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Civil Justice Council - Vulnerable witnesses and recommendations for change

The Civil Justice Council has published its report into the problems that vulnerable witnesses face in civil courts.

The Civil Justice Council (“CJC”) has published its report into the problems that vulnerable witnesses face in civil courts. It is a detailed piece of work, running to 155 pages and setting out 18 recommendations.

Although the report considers issues arising from the vulnerability of parties and witnesses in all types of civil litigation, its provenance lies in a specific recommendation of an interim report issued by IICSA and it is the CJC’s recommendations for greater protection of litigants who are survivors of child sexual abuse that is the focus of this update. Some of the key recommendations include:

  • CPR/procedure - a new practice direction directly addressing vulnerability in a way that gives assistance to litigants in person and representatives with the identification of circumstances in which a court may consider a party or witness to be vulnerable and some of the steps/measures which can be taken to give assistance.
  • Costs – an amendment of the definition of proportionality in CPR r.44.3(5) to include additional work/expense generated by the fact of vulnerability of parties/witnesses.
  • Training – specifically for judges and legal representatives in relation to vulnerability (detection, case management, conduct of hearings, advocacy).
  • Ground rules - a requirement to consider ground rules for the giving of evidence by any vulnerable witness (e.g. pre-submitted questions, limiting the length of cross-examination, questioning conducted by the judge).
  • Criminal convictions of perpetrators – in claims where there is a conviction in respect of assault or abuse, the court should clarify the basis (if any) upon which any conviction is being challenged and consider what issues properly remain for determination and what orders should be made in respect of the evidence to be adduced. Such consideration should include the extent to which evidence within, or transcripts of, the criminal trial should form the evidence considered by the court and a requirement that the defendant presents his/her evidence first.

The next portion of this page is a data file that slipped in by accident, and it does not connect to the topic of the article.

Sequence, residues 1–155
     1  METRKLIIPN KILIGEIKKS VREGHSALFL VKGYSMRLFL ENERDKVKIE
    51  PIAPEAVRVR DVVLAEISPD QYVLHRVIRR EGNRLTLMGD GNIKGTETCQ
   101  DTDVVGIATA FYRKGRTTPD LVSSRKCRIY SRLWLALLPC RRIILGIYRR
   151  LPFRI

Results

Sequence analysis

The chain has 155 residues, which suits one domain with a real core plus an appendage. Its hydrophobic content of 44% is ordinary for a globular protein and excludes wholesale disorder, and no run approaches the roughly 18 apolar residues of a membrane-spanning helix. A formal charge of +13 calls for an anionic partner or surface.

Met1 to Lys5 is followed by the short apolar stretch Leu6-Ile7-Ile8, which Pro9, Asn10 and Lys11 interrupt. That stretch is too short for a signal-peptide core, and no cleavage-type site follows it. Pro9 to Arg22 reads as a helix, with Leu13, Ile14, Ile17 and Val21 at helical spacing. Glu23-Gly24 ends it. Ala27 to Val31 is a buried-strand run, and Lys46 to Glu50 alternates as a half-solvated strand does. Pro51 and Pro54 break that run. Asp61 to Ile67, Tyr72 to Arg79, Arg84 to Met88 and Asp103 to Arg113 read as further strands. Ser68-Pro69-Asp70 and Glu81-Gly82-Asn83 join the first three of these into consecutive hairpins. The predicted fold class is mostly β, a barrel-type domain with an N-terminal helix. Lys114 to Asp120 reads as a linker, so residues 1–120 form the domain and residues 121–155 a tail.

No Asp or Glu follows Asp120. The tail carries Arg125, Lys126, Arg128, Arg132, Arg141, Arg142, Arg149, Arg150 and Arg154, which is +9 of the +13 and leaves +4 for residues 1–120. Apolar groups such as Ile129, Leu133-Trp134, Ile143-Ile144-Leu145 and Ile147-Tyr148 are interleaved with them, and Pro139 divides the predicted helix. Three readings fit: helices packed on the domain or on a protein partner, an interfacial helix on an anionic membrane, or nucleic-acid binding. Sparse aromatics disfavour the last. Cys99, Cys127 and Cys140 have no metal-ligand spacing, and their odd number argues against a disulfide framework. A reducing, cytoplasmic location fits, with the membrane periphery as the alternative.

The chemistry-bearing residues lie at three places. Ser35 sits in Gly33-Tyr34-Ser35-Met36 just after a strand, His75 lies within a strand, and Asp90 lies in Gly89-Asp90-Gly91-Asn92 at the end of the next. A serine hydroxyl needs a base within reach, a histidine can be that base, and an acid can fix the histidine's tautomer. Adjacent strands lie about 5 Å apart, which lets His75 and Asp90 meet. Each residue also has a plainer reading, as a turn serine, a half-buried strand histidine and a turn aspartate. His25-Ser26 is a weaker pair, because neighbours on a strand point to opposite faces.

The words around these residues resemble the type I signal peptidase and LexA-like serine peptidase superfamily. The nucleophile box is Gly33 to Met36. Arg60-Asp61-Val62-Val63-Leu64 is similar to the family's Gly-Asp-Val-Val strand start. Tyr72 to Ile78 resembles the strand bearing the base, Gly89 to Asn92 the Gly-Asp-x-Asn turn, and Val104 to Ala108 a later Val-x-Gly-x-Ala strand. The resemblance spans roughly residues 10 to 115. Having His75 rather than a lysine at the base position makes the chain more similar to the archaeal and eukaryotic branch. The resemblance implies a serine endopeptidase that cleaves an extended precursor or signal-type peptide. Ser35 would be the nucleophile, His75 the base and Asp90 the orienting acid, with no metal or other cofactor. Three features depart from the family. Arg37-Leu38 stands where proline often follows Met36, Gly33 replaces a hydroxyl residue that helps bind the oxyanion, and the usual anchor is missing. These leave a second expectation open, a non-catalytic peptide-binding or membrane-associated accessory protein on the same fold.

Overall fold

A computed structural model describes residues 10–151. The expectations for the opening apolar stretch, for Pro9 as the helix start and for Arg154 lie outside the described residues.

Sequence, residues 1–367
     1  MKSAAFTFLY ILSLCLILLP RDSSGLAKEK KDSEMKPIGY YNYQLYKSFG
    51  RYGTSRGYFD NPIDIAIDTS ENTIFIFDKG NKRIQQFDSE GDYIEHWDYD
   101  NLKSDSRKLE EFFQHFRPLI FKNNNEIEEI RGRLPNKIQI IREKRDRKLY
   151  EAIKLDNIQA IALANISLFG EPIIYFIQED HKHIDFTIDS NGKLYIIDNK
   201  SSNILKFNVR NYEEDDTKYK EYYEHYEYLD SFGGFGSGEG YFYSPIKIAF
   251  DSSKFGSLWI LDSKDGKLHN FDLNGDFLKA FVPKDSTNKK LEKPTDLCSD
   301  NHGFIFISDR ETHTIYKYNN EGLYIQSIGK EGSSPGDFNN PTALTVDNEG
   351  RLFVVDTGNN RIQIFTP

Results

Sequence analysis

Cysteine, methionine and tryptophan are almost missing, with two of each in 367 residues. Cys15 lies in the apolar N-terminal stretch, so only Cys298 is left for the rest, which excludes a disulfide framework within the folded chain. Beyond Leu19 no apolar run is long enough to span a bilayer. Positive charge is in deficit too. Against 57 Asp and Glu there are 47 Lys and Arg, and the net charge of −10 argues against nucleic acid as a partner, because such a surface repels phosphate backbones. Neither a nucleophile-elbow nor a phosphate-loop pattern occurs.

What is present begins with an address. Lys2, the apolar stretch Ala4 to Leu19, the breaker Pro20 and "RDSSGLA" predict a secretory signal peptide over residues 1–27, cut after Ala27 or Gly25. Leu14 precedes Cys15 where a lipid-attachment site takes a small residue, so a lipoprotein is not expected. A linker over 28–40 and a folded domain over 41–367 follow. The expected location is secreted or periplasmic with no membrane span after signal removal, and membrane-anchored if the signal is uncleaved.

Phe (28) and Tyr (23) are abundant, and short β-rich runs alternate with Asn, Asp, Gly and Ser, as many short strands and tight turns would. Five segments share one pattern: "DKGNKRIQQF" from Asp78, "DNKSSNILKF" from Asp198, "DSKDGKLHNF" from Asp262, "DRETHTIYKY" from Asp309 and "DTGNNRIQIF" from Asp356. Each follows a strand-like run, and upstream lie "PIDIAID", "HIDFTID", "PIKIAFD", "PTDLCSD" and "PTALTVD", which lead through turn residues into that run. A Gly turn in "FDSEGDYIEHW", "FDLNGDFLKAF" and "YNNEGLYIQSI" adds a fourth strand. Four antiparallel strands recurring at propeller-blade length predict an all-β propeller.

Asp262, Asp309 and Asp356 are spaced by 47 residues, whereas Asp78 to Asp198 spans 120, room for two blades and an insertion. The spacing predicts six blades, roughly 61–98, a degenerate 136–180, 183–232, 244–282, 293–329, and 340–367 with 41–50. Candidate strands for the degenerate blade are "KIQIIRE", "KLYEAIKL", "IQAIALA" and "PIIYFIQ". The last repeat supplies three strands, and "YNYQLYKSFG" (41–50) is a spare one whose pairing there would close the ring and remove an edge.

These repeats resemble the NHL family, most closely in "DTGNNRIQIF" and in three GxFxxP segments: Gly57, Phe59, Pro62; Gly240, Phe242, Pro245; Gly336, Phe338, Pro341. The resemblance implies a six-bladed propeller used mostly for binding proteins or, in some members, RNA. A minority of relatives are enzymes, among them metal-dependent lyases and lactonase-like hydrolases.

• Compensation Orders - the Judicial College should consider the need for guidance/training/re-enforcement of training for judges regarding the ability of the criminal court to make a compensation order to a victim of a sexual offence in respect of which.
    One issue that clearly vexed the CJC was the potential for cross-examination of victims by self-represented perpetrators. In criminal proceedings a defendant is prevented from cross-examining the complainant if the charges are in respect of sexual offences. The Government has also proposed measures in family proceedings to prohibit direct cross-examination of a victim by any party who has been convicted of a specified offence. The CJC was concerned that the diversity of civil cases made a ban on cross-examination more difficult. Instead, it has recommended a presumption that such cross-examination will not be permitted in civil claims but with a residual discretion to allow it having regard to the breadth of the civil jurisdiction.

This is an in-depth piece of work and it will be a vital read for all relevant stakeholders, to include judges and practitioners across both civil and criminal jurisdictions.

If the content of this update raises any issues for you, or you would like to discuss, please liaise with Peter Wake, Partner at

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